The European Investment Bank (EIB) has agreed to provide EUR 82 million to the Government of Bangladesh (People’s Republic of Bangladesh) to support more efficient power generation in the country and reductions in emissions. The project will have important climate change benefits in a country that is especially vulnerable to the impacts of climate change.
The project is part of a wider investment programme in the energy sector with an estimated total cost of USD 1.6 billion, whose objective is to facilitate the expansion of power generation, transmission and distribution as well as capacity-building in the country.
The EUR 82 million EIB loan will serve to finance two specific projects under the programme, including the conversion of gas-fired plants in Baghabari and Shagibacar to combined-cycle plants. The conversion will lead to efficiency improvements in the order of 75% and an increase in generation capacity of approximately 50% without any rise in the amount of fuel used, thus resulting in significant volumes of CO2 emissions being avoided as well as improved power generation economics.
This loan will contribute to climate change mitigation as well as improving social and economic infrastructure in Bangladesh, which are key priorities for the European Union and also key operational priorities of the EIB.
The programme will be co-financed by other international financial institutions such as the Asian Development Bank (ADB), the Islamic Development Bank (IsDB) and the Agence Française de Développement (AFD) as well as the Government of Bangladesh. The programme also includes an extensive capacity-building programme partly financed with EUR 5.7 million from the EU Asia Investment Facility.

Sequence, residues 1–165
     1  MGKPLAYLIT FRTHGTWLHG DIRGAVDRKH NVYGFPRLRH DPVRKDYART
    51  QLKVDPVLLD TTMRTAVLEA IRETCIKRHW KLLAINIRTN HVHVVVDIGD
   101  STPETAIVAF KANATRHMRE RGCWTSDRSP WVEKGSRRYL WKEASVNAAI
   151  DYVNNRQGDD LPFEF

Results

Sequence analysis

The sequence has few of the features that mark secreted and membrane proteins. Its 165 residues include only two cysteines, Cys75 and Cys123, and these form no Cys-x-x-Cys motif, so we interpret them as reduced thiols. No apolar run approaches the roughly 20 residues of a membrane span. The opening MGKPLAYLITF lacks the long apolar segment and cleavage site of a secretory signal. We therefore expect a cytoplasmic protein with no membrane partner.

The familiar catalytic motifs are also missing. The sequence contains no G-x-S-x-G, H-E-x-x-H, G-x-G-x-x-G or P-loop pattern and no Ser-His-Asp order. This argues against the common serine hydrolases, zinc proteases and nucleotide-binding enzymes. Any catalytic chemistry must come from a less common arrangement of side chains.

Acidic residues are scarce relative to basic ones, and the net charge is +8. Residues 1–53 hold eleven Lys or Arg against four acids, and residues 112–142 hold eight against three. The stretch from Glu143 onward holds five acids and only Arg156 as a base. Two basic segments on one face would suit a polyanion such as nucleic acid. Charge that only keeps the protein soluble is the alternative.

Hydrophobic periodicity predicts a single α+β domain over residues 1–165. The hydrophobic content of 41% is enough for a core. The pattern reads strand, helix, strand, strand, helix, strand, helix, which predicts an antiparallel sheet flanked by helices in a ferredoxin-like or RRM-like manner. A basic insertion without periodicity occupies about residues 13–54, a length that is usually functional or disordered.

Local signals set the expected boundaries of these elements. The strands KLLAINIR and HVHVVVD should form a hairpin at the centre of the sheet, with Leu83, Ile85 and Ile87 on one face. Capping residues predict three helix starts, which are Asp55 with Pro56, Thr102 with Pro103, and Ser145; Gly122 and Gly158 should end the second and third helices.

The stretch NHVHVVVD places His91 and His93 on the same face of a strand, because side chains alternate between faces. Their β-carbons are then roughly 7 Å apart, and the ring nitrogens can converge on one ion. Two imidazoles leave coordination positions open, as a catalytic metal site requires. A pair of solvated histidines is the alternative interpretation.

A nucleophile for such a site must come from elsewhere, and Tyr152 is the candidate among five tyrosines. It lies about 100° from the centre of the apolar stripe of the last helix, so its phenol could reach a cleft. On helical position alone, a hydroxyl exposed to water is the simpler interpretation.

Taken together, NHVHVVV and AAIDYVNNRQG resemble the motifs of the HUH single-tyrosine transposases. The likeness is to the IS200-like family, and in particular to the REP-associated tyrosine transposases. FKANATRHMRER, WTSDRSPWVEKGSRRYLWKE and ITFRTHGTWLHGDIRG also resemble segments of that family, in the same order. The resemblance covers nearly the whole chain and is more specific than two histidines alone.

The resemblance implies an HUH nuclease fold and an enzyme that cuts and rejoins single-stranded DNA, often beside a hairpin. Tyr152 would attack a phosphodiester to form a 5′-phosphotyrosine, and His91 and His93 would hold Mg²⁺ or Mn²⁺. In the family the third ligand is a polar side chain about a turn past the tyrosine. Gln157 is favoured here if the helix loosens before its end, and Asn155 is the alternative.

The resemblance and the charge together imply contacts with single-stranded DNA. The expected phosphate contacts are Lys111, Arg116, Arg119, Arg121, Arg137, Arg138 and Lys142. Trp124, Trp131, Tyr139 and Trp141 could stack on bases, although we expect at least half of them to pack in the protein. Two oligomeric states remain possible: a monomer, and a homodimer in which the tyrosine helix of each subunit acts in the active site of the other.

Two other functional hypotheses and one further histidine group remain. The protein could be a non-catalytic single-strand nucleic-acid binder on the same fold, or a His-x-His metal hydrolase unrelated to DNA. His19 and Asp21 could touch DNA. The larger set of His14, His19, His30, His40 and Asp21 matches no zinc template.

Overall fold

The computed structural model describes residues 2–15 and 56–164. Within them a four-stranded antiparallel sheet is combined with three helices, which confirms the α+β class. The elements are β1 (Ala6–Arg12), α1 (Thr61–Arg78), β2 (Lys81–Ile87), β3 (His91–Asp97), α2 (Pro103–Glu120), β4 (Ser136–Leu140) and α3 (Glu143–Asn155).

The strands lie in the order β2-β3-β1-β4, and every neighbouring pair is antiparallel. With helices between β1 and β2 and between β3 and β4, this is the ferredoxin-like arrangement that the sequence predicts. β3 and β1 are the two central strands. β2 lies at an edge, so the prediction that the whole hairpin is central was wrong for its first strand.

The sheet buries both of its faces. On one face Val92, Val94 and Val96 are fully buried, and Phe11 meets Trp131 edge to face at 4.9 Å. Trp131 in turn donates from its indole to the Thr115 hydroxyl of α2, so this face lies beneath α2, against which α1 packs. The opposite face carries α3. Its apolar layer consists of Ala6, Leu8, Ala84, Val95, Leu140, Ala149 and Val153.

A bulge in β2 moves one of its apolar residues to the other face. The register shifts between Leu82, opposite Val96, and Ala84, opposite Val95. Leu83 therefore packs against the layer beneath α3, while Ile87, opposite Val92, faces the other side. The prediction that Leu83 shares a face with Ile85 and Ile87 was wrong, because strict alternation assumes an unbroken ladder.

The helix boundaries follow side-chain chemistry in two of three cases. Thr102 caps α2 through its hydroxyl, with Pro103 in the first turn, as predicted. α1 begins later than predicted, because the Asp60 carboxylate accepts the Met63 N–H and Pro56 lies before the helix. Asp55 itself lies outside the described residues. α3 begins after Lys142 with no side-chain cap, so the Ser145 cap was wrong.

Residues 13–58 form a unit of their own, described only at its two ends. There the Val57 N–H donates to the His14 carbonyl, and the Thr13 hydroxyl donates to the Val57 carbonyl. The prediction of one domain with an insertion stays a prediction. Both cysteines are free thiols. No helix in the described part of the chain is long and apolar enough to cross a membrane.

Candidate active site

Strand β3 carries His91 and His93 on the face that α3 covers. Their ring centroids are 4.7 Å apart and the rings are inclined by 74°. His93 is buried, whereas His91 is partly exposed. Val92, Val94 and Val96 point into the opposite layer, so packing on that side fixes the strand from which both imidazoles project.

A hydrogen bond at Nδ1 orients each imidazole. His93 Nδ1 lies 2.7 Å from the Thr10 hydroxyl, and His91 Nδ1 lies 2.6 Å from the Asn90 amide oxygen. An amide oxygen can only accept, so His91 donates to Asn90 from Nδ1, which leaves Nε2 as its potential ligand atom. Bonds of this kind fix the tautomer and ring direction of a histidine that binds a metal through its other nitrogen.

EIB Vice President Magdalena Alvarez, who is in charge of the EIB’s operations in Asia, highlighted that “This operation shows the Bank’s strong commitment, together with that of other International Financial Institutions, to improving access to energy, which is essential to boost economic growth and raise the standards of living of the local population. Sustainable access to the energy supply will also help avoid bottlenecks and will enable the more efficient and rational use of energy resources, thus reinforcing the positive effects in terms of climate change mitigation and adaptation”.
EU Ambassador William Hanna stated: “I am encouraged by this new intervention by the EIB in Bangladesh. This project will have important benefits for the people of Bangladesh and the sustainability of the energy sector, and will contribute to combatting climate change.”
The EIB is extending this loan under its Climate Change Mandate (2011-2013) for non-EU countries introduced in 2011 to support climate change mitigation and adaptation projects across the regions.